By Mark Tidworth
Management researchers and social scientists are confirming what many of us intuitively know (and chafe against it at times): people make better decisions together than they do apart. A new phrase describes this experience of “putting our heads together” — collective intelligence.
I’ve seen it several places now. Sally Morgenthaler includes a section on collective intelligence in her cutting edge article, An Emergent Manifesto: “Leadership in a Flattened World: Grassroots Culture and the Demise of the CEO Model.”
Daniel Goleman, I hope you are proud. Leadership and management gurus are extending your “emotional intelligence” model to the larger collective.
You’ve experienced collective intelligence. You have a great ministry idea for your congregation and bring it to the missions committee meeting. You paint a glorious word picture of kingdom-building ministry and wait for the affirmations to roll in.
Another person reflects on your picture, and adds a paint stroke. Yet another person smudges the images, for a messier, yet more genuine missional approach. Another person then connects all three paintings into a major ministry that’s far superior to your original proposal.
You are left thinking, “I thought it was good, yet this is far better.” Sacrificing your personal agenda in view of this new picture’s beauty is no problem. That’s collective intelligence at work.
With only slight reflection, we recognize collective intelligence as a threat to our traditional pastoral leadership model. Search committees 30 years ago would ask a candidate what the candidate’s “program” for the church would be if called to serve there. The candidate would articulate a “program,” and the search committee would consider taking it on (along with the candidate.)
Now savvy pastoral candidates ask the search committee about its vision for ministry. When the church’s vision is described, then the candidate and church can decide if there is a ministry match.
The traditional pastoral leadership model rests on a hierarchical and authoritarian model of leadership, excluding the collective intelligence phenomenon. I’m afraid the business world is ahead of the church here. The most successful companies know that self-managed teams are more productive.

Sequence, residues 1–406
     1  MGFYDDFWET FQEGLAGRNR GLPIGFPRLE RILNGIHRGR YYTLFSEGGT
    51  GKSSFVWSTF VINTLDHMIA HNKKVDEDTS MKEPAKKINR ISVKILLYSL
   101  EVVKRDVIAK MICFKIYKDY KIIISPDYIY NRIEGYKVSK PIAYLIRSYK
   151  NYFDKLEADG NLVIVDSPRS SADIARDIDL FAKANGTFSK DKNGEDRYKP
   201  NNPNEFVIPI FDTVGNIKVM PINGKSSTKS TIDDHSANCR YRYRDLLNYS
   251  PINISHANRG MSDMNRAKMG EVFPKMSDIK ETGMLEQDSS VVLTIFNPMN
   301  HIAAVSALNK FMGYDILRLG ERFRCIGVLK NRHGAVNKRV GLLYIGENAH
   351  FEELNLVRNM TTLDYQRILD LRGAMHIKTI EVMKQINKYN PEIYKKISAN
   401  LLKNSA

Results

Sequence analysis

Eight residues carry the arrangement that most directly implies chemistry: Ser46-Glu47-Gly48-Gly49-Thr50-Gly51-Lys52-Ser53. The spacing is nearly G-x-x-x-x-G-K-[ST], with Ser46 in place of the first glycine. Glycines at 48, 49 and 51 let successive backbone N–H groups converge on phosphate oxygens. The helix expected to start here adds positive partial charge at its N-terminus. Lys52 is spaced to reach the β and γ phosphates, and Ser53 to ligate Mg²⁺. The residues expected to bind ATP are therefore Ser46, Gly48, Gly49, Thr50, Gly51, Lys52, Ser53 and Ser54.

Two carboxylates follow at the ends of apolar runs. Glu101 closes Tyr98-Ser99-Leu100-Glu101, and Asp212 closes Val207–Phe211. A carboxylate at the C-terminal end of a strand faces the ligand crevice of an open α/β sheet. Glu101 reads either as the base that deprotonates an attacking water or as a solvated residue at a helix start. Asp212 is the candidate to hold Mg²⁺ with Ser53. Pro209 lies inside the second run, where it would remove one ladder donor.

“We have known for nearly a half century that self-managed teams are far more productive than any other form of organizing,” writes Margaret Wheatley. “There is a clear correlation between participation and productivity. In fact, productivity gains in truly self-managed work environments at a minimum 35 percent higher than in traditionally managed organizations.”
Many congregations espouse a team philosophy, yet few actualize this approach when the chips are down.
What does this mean for clergy and congregations? Part of the answer is right before us, in real-time living. What are you learning as you lead? How does your current experience inform your leadership model?
I believe it means that even we church leaders can’t get away with worn-out leadership models for much longer. Those who persist with the traditional model will find themselves surrounded by fewer people.
On the other hand, exciting days are ahead. The church is rich in resources: people. Many congregations embrace theology facilitating interaction, sharing and conversing. More clergy are becoming experts in group processes, helping the passion rise to the surface.
Leadership competencies like developing others, teamwork and collaboration, interpersonal influence and conflict management are growing (auxiliary competencies in the traditional leadership model).
More ministers are adopting the coaching model for congregational leadership, finding their loads are lighter and their ministries more expansive.
Clergy are discovering collective intelligence is a friend to the mission of the church. May we be open to God’s Spirit, wherever we find God’s movement.
— This commentary appeared previously as a blog on the Pinnacle Leadership Associates website.